“The commission is often very reluctant to landmark something against the wishes of the landlord,” Gilbert said.
Con Ed did not respond to repeated inquiries about their plans for the site.
Recent preservation efforts have focused on publicizing the site’s links to history. A 2005 Brooklyn Cyclones promotion celebrated Archibald Moonlight Graham, whose single major league appearance was made famous in W. P. Kinsella’s novel “Shoeless Joe” and the film version, “Field of Dreams.” Graham played the field for two innings in a 1905 game at Washington Park.
The opening of the park was a major event, something of a homecoming for the Dodgers, who had played since 1891 in what was then distant East New York.
On April 30, 1898, the season was “inaugurated at the new grounds in South Brooklyn before a crowd of 15,000,” The Brooklyn Daily Eagle reported. “And the war with Spain lapsed into temporary insignificance.”
Thanks to a home run by Philadelphia’s Big Sam Thompson, the home team lost that day, a trend they upheld more often than not over the next half-century.
“It was,” The Eagle continued, “for its size and enthusiasm, one of the most orderly crowds on record … save for the few lingering cranks.”
“Base ball” was a different game then — a 1908 contest against St. Louis used only one ball for all nine innings — but contemporary newspaper accounts painted a picture that was unmistakably Brooklyn.
It was here that the entire team, including the Hall of Fame Manager Ned Hanlon, was arrested several times for attempting to play baseball on Sundays.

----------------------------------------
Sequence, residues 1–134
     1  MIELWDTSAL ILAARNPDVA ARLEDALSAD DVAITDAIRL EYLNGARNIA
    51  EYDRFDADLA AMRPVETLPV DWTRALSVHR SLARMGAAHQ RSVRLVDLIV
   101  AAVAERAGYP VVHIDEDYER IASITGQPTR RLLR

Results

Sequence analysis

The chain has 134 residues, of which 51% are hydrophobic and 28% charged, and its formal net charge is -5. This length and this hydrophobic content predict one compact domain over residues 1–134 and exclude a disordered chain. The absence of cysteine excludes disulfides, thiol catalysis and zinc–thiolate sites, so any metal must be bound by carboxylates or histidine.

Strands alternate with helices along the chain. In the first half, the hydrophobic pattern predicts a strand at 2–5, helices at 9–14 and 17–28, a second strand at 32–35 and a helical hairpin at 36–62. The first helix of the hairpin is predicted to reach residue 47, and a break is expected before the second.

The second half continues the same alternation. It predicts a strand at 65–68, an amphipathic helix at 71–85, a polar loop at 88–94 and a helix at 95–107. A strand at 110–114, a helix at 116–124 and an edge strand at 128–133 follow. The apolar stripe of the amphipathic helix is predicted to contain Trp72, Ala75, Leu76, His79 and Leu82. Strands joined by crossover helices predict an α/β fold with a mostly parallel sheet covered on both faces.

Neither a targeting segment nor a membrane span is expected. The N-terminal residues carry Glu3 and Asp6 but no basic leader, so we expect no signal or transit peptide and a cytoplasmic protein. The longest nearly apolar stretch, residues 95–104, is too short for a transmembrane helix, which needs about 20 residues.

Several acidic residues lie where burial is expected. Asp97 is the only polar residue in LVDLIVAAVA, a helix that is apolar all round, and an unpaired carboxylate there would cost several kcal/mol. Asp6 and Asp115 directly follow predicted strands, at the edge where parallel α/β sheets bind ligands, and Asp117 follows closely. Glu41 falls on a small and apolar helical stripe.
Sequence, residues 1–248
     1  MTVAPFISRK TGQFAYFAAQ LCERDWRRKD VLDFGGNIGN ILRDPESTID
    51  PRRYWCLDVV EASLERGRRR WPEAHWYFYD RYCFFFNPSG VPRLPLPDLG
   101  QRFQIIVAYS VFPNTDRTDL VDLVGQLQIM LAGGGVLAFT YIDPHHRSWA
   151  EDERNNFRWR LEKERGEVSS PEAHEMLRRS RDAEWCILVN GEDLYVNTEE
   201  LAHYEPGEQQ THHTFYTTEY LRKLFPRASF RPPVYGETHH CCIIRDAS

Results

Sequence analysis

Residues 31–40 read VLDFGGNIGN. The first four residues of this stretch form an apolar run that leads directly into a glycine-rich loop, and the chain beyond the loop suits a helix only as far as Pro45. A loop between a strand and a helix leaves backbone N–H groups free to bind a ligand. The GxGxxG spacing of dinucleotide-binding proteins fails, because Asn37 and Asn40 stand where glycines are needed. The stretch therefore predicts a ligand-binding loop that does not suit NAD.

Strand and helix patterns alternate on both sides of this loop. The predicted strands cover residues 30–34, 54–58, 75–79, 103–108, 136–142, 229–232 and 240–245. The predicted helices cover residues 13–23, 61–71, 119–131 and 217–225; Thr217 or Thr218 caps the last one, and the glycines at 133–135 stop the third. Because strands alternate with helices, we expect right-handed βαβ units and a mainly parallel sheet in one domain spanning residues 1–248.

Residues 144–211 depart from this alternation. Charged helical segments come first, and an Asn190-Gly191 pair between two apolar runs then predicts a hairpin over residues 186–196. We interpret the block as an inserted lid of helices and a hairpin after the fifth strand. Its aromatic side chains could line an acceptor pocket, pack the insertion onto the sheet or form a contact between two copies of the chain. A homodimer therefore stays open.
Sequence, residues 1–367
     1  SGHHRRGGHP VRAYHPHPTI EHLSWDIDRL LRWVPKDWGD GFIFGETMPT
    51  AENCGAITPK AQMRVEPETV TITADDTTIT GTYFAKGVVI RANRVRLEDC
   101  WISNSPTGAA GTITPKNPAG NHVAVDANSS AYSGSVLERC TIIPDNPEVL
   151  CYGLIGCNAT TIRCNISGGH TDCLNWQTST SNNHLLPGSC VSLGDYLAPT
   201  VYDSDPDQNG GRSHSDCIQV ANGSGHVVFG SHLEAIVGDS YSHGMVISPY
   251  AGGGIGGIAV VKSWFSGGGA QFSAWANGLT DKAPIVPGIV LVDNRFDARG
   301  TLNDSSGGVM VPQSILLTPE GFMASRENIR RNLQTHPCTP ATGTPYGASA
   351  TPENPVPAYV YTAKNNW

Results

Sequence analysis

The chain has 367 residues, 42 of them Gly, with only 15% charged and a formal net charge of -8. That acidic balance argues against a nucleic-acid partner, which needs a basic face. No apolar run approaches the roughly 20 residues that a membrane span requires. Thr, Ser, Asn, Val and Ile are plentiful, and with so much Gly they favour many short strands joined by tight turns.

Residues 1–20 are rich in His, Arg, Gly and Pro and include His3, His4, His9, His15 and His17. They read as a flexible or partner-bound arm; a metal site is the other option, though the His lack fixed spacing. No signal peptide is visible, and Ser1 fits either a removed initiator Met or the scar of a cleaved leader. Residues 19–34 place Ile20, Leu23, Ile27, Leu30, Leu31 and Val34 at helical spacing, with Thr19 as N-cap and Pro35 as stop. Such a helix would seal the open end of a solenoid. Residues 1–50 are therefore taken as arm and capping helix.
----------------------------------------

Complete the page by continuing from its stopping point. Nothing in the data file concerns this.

It was here that Cubs Manager Frank Chance, after being bombarded with soda bottles for much of the game, returned fire with one, cutting a young boy’s leg. Chance had to be taken from the park in an armored car with a police escort.
And it was here that three of the hated New York Giants were jailed after entering the grandstand to assault a fan who heckled them.
Small and outdated, Washington Park inspired its first bout of nostalgia when the team announced it would leave after the 1912 season. On opening day that year, 30,000 fans overwhelmed the park’s official capacity, 18,000. Fans sat along the foul lines and in the outfield, no doubt contributing to the record 13 ground-rule doubles the Giants recorded en route to a 19-3 drubbing of the Dodgers.
At the last game that season, also against the Giants, the park was sent off in style as a regimental band blared “dolefully about Auld Lang Syne,” wrote The Eagle.
“The game with the New York Giants yesterday was also an old story,” Grantland Rice wrote in one of his earliest published articles in The Eagle, “for the Giants won.”
Considering the fondness with which longtime Brooklynites recall Ebbets Field, it is surprising that the remnants of Washington Park are not acknowledged. Because there were few photographs and baseball had not yet become part of the popular culture, Gilbert said, the game’s history for many people begins around 1920.
“Ty Cobb and Babe Ruth are household words, and you’re got to reference and revere them,” he said. “But if you disrespect Hughie Jennings, who cares?” Jennings was a Hall of Fame manager and shortstop at the turn of the century.
“It’s only within the last 10 years that people have regarded ballparks as history,” Epting said. “I bought a seat from Pittsburgh’s old Forbes Field from a lady who kept it on her porch. Forty dollars.”
He agreed that Washington Park should be designated as a historic site — Stengel played his first game here and Cy Young his last — but he does not seem disappointed.
“It’s one of those diamonds in the rough,” Epting said. “Once there’s a plaque or souvenir stand, it becomes a spectacle. It drains the charm of doing the detective work yourself.”
Copyright 2007 The New York Times Company